September 2010, Week 2


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Mon, 13 Sep 2010 22:28:29 -0400
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Irwin Silber and the Guardian

By Jack A. Smith

Sept 13, 2010
Submitted by the author to portside

I would like to comment on Ethan Young's Portside
article on the death of Irwin Silber. I was on the
Guardian staff from 1963 to 1984 as a reporter,
managing editor and editor, and worked with Irwin for a
number of years. I thought Young did a good job. Of
course I would have written it somewhat differently,
but no matter. I want to make a couple of points,
particularly on the question of party-building, which
led to Irwin's departure from the Guardian.

We were not close but worked reasonably well together
for most of the years Irwin was at the Guardian, and I
respect his accomplishments - from his contributions in
popularizing folk music to his dedication to socialism.
I was a great supporter of his cultural criticisms,
especially his film reviews, and was mainly responsible
for bringing Irwin to the newspaper.

Irwin was invited to write a weekly cultural column for
the Guardian after it became a workers' cooperative in
1967. The paper itself, earlier named the National
Guardian, had existed as the independent voice of the
"progressive" left since 1948, and had many political
achievements to its credit before the staff assumed
ownership responsibilities.

Irwin's political influence at the Guardian was
established in 1972 when he became a full-time member
of the cooperative, and simultaneously was named
executive editor responsible for the paper's business
department, while continuing to write his column. As
part of this promotion package, Irwin was elected to
the co-op's five person Coordinating Committee, its
leadership body.

The Portside article suggests "Silber's Marxist
criticism was a large point of contention" during the
1970 "uprising by a faction of the staff [that] nearly
destroyed the paper." I doubt Irwin's columns were a
factor in this episode. At issue was opposition to the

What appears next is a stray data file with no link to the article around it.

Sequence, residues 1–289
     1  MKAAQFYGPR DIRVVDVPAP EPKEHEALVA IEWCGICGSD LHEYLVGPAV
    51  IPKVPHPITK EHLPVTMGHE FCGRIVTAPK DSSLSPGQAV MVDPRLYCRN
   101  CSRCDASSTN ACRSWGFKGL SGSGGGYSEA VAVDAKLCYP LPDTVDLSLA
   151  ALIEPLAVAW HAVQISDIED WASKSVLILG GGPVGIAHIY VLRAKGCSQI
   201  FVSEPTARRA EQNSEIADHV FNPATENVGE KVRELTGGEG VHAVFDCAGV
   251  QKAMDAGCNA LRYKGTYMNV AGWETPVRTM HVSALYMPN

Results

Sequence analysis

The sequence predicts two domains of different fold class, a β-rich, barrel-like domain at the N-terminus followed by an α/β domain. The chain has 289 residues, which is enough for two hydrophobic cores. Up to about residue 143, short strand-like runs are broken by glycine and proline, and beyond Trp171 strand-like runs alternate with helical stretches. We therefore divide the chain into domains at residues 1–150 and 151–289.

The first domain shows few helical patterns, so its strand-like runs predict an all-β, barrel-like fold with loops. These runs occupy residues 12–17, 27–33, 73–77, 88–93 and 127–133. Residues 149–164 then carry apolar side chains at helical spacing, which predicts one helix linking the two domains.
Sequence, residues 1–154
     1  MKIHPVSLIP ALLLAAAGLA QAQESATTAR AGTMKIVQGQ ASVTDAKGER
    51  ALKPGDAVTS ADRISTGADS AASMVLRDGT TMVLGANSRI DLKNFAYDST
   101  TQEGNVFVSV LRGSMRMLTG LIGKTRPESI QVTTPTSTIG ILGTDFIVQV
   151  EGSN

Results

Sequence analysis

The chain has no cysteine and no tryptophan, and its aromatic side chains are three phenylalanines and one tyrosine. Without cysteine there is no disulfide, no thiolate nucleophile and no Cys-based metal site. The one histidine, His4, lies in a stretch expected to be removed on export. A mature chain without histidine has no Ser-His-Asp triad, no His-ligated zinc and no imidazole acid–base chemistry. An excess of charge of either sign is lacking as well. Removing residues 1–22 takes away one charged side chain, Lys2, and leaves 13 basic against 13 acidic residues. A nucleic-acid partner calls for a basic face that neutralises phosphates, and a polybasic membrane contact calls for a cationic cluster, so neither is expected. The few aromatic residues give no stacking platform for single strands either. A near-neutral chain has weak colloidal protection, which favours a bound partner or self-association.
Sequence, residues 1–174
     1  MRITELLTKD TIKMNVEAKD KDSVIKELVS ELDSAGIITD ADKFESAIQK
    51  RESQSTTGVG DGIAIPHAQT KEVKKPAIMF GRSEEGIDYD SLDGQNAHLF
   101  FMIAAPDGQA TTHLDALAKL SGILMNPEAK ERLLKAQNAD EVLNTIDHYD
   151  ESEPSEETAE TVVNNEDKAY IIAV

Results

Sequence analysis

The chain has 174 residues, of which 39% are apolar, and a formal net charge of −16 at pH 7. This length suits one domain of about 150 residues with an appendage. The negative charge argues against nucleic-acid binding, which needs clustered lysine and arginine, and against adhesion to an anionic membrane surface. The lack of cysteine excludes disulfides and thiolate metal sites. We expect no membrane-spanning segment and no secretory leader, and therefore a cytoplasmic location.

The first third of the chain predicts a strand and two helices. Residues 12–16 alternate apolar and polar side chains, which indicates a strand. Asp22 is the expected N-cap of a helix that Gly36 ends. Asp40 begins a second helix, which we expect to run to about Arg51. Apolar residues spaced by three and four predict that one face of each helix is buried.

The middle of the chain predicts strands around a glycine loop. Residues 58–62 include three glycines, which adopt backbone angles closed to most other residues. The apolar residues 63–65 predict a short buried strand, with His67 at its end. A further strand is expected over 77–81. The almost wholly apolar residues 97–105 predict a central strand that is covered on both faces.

paper's development of an openly expressed
Marxist-Leninist point of view during the three years
since becoming a cooperative. A rowdy crowd of
opponents, including some newer members of the staff, a
few outside contributors and forces off the staff 
with views extending from social-democratic to
anarchist invaded and attacked our office, and
threatened members of the cooperative. Files were
destroyed, and some equipment was wrecked. A calling
card was left in the form of a bayonet sunk clean
through the thick top of my desk.

While continuing to principally serve the broad antiwar
and anti-imperialist U.S. left, and to feature the
struggles of the oppressed peoples of the third world,
the Guardian gravitated ever closer politically to the
revolutionary developments taking place in the People's
Republic of China under the leadership of the CCP and
Chairman Mao. Irwin was in complete unity with the
paper's political line when he became a member of the
leadership and played a role in developing that line.

The events that led to Irwin's censure and eventual
dismissal from the Guardian cooperative did indeed
relate to party-building within the "New Communist
Movement" composed of various Maoist groups in the U.S.
It wasn't a question of "loyalty" but of exceeding a

One of the executive editor's responsibilities was to
nurture and build what we called Guardian Clubs. In the
early 1970s combination news gathering and circulation
building groups were established in a number of cities.
These small clubs helped build the paper (which by that
time had about 25,000 subscribers, double the
circulation before the paper was staff owned). In time
some discussion groups formed in a few clubs as well.

Irwin was dedicated to party-building and evidently
viewed the clubs, and the Guardian newspaper, as a
vehicle to help construct a new communist party, and
started taking steps in that direction. Not every
member of the Coordinating Committee or the staff,
however, was fully aware of this development until it
was underway for a time.

While there had been considerable interest within the
cooperative  in party-building beginning in 1970, this
cooled down in a few years - partly because of China's
implicit alliance with U.S. imperialism against the
USSR, and partly because a number of party-building
staffers had departed the Guardian after joining such
groups as the CP (ML) and the RCP. Not all the
departures were voluntary.

In addition, some members of the leadership, including
myself, were extremely dubious about using the Guardian
and Guardian Clubs to build another Maoist communist
party. My opposition was based on two main reasons: (1)
I believed the paper was exceptionally valuable to the
movement just as it was -  an influential, independent
and explicitly M-L publication with a fairly broad
appeal. (2) I had little confidence that the times
required the formation of yet one more small Maoist

The upshot was that Irwin lost an annual election to
the leadership group and, after a while, he was asked
to leave the cooperative, in 1978 I believe.

I still keep the red flag flying. Looking back, of
course, it's easy to spot the Guardian's political
errors, not all of which were insubstantial. But I
believe the paper's strengths were far more important
then its weaknesses - particularly in the quality of
the journalistic product and its outreach with a
revolutionary socialist message to progressives and

We did not speak again after Irwin left the cooperative
some 32 years ago. But I never doubted that Irwin
Silber made contributions to the Guardian's strengths
and the struggle for socialism. 


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